Sunday Chores ~ with Poetry

Share

It's a perfect day in Charleston. A Sunday, with Tarheel blue skies, bright spring sunshine percolating up to 80 degrees and way too much to choose from: Historic Charleston Foundation's House & Garden Tours, their Antiques Show, the beach, a run or bike ride to prep (last minute) for next week's Bridge Run and the After the Bridge Run bike ride, and of course, the Piggly Wiggly Shoot-Out (if you happen to have a young soccer player, as I do).  I get overwhelmed on these spring-fever weekends;  I want to cram it all in—hit all the fun events AND get my chores done AND sit down with the Sunday Times. It's impossible, so instead I surrender and take a poetry pause.

 

Rather than tidying the house, polishing furniture, or swooning over mahogany morsels at the Antiques Show, I offer you this from Charleston poet Barbara Hagerty (whose house is probably on the H&G tours!).  A bit of "housework" -- Literary Charleston style:

The Perfect Day

Everywhere I turn --
to billboards, t.v. ads, magazines --
philosophers of the Moment
exhort me to Grab life by the horns --
live with Gusto -- carpe Diem --

but I want to water my Geraniums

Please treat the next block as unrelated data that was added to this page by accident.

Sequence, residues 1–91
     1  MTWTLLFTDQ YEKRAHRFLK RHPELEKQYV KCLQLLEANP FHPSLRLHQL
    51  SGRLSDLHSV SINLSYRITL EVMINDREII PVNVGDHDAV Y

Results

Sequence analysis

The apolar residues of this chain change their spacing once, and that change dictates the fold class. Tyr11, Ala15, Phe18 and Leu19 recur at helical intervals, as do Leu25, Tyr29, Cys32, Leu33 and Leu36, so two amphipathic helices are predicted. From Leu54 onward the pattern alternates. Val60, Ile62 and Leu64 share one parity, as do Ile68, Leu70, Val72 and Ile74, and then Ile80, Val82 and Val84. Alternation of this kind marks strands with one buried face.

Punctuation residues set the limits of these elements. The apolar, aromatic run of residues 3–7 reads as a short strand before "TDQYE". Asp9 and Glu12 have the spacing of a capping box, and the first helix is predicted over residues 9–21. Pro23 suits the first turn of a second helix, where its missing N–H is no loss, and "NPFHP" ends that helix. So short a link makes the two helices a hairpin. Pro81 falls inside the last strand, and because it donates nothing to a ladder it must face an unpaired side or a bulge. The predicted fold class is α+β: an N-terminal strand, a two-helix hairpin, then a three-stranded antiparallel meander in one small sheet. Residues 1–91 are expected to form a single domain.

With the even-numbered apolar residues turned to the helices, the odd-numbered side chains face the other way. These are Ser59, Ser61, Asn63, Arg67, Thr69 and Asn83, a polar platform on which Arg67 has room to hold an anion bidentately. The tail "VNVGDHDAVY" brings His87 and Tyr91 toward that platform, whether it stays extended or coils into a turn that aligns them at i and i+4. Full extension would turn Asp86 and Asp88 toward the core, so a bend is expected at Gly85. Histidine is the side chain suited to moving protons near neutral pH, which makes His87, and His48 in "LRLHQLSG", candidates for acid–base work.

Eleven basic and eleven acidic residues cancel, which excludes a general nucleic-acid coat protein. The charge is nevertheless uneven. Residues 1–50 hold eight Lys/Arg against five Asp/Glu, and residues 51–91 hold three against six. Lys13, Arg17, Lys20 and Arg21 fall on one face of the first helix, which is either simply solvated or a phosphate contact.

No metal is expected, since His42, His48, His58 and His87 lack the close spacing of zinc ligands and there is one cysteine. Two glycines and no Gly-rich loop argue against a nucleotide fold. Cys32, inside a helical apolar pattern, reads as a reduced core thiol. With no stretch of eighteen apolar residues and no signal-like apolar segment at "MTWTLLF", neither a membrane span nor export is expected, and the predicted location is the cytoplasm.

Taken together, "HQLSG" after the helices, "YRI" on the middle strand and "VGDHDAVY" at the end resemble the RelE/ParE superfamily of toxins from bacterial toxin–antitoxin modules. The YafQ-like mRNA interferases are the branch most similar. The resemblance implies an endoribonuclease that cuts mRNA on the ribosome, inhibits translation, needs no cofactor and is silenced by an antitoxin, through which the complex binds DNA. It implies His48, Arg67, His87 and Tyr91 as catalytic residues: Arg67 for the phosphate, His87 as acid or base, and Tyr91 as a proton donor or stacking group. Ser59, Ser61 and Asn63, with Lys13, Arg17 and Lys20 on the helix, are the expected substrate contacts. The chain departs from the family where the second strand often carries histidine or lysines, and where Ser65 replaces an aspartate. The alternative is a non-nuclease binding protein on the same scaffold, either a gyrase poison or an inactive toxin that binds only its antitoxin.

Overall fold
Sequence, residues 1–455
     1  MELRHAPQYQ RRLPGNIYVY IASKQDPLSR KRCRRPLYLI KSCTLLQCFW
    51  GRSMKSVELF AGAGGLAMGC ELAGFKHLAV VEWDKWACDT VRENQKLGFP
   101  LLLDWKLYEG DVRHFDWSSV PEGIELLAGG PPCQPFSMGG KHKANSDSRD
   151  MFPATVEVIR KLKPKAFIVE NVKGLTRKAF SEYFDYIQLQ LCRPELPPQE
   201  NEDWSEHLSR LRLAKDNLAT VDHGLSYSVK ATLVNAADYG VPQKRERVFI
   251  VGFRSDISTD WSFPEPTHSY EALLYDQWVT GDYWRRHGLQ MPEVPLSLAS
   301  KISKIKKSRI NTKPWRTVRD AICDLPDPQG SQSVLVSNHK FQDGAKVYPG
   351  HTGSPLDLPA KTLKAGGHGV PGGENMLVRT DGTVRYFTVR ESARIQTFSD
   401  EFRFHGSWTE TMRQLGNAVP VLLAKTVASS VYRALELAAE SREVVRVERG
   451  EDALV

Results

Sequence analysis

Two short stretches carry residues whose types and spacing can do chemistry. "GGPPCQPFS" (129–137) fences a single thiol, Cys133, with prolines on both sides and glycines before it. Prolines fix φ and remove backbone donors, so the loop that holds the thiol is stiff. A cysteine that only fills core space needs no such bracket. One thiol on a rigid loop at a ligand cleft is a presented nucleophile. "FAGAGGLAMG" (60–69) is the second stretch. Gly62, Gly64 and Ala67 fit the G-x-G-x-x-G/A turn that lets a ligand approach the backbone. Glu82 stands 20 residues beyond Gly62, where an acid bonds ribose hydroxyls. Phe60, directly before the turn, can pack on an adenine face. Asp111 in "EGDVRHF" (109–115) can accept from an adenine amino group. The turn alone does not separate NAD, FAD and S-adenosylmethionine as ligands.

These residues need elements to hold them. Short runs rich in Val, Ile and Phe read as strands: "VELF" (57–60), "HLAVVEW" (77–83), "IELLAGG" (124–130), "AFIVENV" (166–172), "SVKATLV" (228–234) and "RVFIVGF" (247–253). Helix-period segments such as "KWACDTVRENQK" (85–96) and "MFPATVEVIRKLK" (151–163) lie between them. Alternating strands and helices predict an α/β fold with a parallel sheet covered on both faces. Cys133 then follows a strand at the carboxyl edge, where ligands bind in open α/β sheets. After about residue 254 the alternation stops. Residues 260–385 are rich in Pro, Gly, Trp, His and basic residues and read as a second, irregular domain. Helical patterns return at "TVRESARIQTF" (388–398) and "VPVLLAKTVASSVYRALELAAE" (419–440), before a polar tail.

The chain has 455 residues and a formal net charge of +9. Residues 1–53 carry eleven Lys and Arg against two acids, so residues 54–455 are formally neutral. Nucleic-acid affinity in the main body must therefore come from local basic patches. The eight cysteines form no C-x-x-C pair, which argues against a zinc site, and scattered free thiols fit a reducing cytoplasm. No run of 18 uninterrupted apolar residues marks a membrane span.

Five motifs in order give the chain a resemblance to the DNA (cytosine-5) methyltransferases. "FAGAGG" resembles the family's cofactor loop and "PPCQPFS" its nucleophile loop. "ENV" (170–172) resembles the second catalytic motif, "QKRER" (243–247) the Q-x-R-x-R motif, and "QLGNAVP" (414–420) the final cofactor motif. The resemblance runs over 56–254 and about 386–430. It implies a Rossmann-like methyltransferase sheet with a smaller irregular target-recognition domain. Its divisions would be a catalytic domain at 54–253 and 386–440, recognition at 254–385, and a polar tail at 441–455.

in slow motion --think
about them as Individuals,
talk out loud with my cat --Rumi --
uphold his End of the conversation, too

before vanishing into my library
with a Few books, a Ream of paper --
and build sawhorses on which to Lay
a Flimsy construction -- or two --
lathed by the stitchery of dashes --

move wobbly word towers around
or compress them into dainty sandwiches --
the cucumber ind, Without the crusts --
keeping an eye open all the while
on the progress of our local Star

As it cycles across the room
until the violet hour comes
and I must turn on the lamp.
Then, its spotlight pools on my cat and me
and we see with Satisfaction at the verge

some Nouns and Verbs, freshly carpentered,
teetering in a little stack --ready, waiting --
for the Next perfect day,
of moving words around
like the lightest of furniture.

The Perfect Day
by Barbara Hagerty

The Guest House published by Finishing Line Press